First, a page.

The default NServiceBus routing approach cannot be used as-is with Service Fabric stateful services. Stateful services assume business data partitioning. A message must be routed to a specific replica (instance) of a stateful service that can handle the message data. E.g. for each PlaceVote message associated with a cast vote, the message should be routed to the partition associated with the preferred candidate, "John" or "Abby". Similarly, to count the votes per zip code the TrackZipCode message must be routed to the partition that is responsible for the range to which the zip code belongs.


  • Vote for John; cast in 88701; should result in a PlaceVote message routed to the named partition "John", followed by a TrackZipCode message routed to the range partition that is assigned 66000 through 98999.
  • Vote for Abby; cast in 36458; should result in a PlaceVote message routed to the named partition "Abby", followed by a TrackZipCode message routed to the range partition that is assigned 33000 through 65999.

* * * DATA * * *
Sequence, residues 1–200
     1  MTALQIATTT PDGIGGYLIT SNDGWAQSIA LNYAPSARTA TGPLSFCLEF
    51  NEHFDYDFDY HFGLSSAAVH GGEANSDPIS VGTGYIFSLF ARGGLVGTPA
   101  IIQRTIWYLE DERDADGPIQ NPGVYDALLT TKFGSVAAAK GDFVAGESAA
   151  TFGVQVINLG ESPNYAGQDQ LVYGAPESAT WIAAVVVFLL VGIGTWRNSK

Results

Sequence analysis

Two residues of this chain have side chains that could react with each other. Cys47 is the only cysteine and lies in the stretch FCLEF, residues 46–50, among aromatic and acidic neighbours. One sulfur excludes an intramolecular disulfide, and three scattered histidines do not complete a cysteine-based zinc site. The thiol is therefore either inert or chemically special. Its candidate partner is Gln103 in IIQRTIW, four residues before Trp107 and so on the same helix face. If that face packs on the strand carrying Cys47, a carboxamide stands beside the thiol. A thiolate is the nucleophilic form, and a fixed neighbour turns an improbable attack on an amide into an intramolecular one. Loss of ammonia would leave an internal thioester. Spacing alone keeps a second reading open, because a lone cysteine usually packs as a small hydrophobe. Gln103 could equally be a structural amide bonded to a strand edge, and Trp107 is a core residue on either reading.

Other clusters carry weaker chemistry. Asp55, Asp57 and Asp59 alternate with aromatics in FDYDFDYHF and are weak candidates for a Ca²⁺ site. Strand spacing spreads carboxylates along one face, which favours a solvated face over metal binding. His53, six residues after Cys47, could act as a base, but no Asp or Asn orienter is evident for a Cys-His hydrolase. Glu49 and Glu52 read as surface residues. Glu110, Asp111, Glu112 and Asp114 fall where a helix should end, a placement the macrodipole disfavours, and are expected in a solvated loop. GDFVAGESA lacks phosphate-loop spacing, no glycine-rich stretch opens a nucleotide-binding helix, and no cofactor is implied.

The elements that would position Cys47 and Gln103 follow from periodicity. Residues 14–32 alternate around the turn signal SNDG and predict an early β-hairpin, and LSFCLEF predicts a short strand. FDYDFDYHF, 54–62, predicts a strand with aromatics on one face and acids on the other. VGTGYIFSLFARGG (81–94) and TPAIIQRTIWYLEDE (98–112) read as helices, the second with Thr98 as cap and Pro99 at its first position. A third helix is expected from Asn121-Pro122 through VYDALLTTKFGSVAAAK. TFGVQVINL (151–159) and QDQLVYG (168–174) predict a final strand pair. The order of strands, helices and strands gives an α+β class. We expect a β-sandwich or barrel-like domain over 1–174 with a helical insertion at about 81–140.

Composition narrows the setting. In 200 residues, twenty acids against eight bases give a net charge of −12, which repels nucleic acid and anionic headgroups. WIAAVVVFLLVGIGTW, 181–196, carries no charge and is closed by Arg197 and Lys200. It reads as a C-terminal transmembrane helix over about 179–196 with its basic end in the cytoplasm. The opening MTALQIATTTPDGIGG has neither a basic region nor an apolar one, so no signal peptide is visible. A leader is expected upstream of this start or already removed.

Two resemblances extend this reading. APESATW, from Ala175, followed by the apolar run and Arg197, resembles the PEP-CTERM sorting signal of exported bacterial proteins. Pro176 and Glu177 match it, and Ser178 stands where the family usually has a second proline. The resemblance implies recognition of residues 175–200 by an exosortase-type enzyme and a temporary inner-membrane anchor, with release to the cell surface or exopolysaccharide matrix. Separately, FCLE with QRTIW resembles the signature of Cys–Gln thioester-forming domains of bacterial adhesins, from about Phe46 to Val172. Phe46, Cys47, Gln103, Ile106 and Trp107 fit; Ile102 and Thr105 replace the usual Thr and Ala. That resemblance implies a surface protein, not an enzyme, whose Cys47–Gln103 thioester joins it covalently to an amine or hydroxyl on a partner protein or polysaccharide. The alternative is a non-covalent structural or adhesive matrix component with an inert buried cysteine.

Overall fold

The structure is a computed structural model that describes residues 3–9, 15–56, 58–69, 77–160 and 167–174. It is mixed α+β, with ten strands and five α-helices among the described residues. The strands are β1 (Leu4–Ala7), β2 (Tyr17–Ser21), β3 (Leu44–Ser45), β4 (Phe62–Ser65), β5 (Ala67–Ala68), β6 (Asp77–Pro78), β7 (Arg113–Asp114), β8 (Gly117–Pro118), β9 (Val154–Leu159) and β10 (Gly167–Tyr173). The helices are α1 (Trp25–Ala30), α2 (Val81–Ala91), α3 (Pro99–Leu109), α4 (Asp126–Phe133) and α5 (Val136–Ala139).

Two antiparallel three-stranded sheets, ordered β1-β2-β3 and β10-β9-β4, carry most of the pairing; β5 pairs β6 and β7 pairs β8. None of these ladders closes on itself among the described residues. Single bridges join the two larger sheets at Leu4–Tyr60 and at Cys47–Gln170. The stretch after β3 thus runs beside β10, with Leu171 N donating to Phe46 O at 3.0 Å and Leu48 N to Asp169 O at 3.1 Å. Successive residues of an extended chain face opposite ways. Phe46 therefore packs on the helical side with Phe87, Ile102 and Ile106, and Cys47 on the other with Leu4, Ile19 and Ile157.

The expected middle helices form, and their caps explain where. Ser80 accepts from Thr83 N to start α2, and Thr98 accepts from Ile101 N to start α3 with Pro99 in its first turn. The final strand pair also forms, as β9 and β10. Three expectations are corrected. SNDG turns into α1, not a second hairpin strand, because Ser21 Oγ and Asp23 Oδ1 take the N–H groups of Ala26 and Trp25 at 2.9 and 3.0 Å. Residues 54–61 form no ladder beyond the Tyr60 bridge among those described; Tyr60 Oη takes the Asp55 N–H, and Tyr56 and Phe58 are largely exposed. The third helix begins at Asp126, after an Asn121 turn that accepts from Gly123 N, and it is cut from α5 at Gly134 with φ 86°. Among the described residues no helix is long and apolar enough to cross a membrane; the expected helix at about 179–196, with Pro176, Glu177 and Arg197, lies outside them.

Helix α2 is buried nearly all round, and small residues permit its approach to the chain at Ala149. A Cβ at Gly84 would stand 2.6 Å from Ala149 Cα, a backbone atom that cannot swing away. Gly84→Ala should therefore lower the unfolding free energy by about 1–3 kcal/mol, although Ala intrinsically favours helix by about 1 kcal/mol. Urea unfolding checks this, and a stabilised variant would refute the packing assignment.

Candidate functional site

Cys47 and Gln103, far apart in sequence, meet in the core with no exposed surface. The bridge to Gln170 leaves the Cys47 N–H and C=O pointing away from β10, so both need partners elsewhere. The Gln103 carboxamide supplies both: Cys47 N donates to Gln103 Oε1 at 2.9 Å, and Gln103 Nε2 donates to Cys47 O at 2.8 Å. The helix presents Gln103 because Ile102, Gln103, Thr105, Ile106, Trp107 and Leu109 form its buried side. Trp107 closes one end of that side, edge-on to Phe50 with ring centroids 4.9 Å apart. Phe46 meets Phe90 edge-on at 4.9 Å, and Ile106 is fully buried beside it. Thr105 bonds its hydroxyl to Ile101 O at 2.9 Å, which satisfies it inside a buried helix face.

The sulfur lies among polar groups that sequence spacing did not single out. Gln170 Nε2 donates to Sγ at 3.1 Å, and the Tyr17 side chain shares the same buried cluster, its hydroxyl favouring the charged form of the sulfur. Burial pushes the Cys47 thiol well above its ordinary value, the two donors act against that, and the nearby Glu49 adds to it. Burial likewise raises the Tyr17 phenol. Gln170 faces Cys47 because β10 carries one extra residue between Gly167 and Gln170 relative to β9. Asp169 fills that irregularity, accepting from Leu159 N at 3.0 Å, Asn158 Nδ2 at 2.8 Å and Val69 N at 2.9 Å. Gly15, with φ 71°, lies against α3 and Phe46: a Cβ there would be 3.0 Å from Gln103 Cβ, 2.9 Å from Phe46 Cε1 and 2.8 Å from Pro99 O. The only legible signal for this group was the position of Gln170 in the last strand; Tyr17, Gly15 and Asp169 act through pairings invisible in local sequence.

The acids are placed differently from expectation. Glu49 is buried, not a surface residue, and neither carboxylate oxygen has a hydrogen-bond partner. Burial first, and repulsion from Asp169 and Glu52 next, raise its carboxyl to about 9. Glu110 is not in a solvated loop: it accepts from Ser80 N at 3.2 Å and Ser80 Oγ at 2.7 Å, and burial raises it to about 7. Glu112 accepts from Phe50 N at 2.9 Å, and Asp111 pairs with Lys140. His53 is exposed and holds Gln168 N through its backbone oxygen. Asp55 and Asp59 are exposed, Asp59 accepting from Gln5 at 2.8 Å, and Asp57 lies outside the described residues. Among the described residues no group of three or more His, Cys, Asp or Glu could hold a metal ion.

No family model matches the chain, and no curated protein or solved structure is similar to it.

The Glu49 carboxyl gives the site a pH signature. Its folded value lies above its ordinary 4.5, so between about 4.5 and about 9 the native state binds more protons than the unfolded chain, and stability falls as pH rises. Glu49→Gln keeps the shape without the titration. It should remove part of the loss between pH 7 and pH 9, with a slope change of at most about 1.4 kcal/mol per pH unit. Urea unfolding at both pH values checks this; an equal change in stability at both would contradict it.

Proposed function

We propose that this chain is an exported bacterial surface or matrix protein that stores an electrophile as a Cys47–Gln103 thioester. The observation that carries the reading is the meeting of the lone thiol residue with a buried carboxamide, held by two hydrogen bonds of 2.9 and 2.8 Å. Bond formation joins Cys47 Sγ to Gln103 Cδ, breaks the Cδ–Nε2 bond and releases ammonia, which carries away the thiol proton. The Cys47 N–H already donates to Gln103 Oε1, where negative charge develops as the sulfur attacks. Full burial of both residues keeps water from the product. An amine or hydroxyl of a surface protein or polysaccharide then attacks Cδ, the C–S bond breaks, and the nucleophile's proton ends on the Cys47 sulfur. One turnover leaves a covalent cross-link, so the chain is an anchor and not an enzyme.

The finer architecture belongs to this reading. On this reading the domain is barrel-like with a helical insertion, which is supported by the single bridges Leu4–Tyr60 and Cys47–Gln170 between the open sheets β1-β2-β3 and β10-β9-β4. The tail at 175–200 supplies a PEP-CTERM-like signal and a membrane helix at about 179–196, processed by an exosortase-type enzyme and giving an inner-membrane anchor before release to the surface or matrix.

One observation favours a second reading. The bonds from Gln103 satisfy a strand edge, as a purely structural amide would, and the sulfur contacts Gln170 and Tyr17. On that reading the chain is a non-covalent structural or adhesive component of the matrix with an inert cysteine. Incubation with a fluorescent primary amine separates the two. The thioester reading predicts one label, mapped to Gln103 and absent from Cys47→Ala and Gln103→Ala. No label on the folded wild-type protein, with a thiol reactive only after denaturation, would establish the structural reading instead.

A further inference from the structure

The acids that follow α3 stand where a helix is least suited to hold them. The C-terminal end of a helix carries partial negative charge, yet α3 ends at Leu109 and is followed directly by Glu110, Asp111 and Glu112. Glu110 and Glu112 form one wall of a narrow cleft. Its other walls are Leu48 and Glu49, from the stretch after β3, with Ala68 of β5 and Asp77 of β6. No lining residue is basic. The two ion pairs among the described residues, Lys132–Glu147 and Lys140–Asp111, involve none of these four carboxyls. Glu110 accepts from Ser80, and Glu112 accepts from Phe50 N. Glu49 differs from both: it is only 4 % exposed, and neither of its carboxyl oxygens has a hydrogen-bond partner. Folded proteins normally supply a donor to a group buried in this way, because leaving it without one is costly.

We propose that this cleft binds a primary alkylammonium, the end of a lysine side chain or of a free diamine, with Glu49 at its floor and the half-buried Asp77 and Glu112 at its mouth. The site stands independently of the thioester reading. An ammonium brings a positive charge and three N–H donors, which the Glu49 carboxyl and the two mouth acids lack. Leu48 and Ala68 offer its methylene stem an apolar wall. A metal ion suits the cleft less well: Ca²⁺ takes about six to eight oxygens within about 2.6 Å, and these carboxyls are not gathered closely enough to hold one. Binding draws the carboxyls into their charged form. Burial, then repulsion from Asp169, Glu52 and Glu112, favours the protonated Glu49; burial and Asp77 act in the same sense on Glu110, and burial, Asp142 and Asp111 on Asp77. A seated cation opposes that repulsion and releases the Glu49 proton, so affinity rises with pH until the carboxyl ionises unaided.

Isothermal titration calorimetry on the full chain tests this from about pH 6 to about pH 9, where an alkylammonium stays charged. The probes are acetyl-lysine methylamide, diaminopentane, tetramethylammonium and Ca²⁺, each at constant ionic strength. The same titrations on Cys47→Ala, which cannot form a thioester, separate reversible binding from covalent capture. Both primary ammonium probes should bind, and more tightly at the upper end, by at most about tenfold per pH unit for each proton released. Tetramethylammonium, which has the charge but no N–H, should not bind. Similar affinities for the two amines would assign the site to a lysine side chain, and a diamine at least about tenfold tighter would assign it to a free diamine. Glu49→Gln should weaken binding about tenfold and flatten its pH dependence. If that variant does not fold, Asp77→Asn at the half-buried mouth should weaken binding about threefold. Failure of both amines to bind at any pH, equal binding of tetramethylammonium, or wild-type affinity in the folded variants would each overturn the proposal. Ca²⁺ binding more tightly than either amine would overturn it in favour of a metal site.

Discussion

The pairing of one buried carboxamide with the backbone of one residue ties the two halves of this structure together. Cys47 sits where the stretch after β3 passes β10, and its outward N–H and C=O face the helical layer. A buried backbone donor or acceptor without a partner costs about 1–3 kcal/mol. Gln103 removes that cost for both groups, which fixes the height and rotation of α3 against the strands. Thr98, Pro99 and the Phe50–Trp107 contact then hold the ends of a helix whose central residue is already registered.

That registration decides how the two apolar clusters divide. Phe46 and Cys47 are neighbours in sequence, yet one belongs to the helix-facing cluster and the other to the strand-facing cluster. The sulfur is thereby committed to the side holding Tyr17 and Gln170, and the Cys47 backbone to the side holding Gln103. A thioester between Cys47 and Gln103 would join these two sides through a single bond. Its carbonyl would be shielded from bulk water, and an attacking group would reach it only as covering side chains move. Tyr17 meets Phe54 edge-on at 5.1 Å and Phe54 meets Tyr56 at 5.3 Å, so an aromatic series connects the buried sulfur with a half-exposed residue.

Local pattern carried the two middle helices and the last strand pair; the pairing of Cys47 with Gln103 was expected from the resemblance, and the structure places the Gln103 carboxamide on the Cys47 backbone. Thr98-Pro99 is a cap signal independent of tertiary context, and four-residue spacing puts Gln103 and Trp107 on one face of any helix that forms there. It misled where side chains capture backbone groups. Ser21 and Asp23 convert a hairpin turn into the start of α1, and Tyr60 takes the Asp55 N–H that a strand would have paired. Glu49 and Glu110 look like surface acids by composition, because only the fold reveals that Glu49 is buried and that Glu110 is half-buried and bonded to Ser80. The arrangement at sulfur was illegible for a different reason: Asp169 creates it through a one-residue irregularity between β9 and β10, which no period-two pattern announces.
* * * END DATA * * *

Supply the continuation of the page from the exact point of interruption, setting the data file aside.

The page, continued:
• Vote for John; cast in 12789; should result in a PlaceVote message routed to the named partition "John", followed by a TrackZipCode message routed to the range partition that is assigned 0 through 32999.

Partition-aware behavior is achieved by combining sender-side distribution (a built-in NServiceBus feature) with a few modifications to the message processing pipeline.

The remainder of this document will focus on the different techniques that can be used to configure these distribution strategies, either manually or automatically, to achieve full partition-aware routing.

Partitioned endpoint configuration

Endpoint instances hosted with stateful service replicas must be uniquely addressable by the partition key associated with each replica. Possible keys are defined by the NamedPartition and Int64RangePartition info obtained from Service Fabric. The unique partition keys are used to route messages to the correct partitions.

Endpoints are configured as partitioned endpoints by calling an extension method on EndpointConfiguration:

    localPartitionKey: partitionInfo.LocalPartitionKey,
    allPartitionKeys: partitionInfo.Partitions);

Local sends

All local sends are handled by the PartitionAwareDistributionStrategy. For each locally sent message, the partition-key header value is set to the local partition key and the message is routed to the queue associated with the local partition.